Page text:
PETALING JAYA: The Malaysian Anti-Corruption Commission (MACC) should be legally supervised by Parliament and given its own prosecution powers, says Tan Sri Dr Rais Yatim.
The Special Committee on Corruption (SCC) chairman suggested that Article 145 of the Federal Constitution be amended so that MACC would be answerable to Parliament.
"With the constitutional amendment, MACC will be empowered to prosecute while the Attorney General can delegate prosecutorial powers to the anti-graft body," said Rais.
He added that amending Section 14 or 15 of the MACC Act will also allow it to come under the purview of Parliament, where the legislative body is not allowed to interfere with MACC’s prosecution powers.
"We cannot run away from this. We need to free Malaysia from the stigma of being a centre of corruption," the Dewan Negara president was quoted as saying by Utusan Malaysia.
He added that the provisions under Article 145 are outdated and needed a new lease of life suited for current times.
"The provisions have not been revised since our independence. It was brought in by the Reid Commission in 1957.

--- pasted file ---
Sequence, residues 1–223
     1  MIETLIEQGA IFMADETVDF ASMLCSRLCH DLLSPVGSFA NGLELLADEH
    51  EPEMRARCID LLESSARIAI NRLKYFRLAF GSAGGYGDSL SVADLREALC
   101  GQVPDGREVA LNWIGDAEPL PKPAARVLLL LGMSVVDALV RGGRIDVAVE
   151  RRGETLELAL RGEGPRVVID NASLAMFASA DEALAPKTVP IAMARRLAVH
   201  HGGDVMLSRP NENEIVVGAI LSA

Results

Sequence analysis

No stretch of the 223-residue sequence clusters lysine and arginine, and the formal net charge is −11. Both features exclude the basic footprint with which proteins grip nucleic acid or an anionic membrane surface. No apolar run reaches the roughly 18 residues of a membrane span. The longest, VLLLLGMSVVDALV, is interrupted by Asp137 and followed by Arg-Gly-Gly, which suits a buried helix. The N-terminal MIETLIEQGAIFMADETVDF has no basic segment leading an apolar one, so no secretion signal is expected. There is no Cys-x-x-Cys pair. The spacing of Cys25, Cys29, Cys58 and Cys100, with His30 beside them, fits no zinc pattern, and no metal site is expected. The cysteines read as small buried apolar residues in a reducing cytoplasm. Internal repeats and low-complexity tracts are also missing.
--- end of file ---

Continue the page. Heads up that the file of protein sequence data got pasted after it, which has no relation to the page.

"We are still using colonial laws even though we are an independent country.
"The amendments will allow MACC to be monitored by Parliament, not the executive branch. The executive branch means the prime minister. Whether we like it or not, there will be some influence on MACC or its chief if it is under the executive," Rais added.
He said this is why MACC must be empowered to prosecute and this must be in our laws.
This is not the first time Rais had brought up the issue.
In January, it was reported that recommendations were made for MACC to be answerable to Parliament, and that Rais had said that MACC had to be independent just like the judiciary.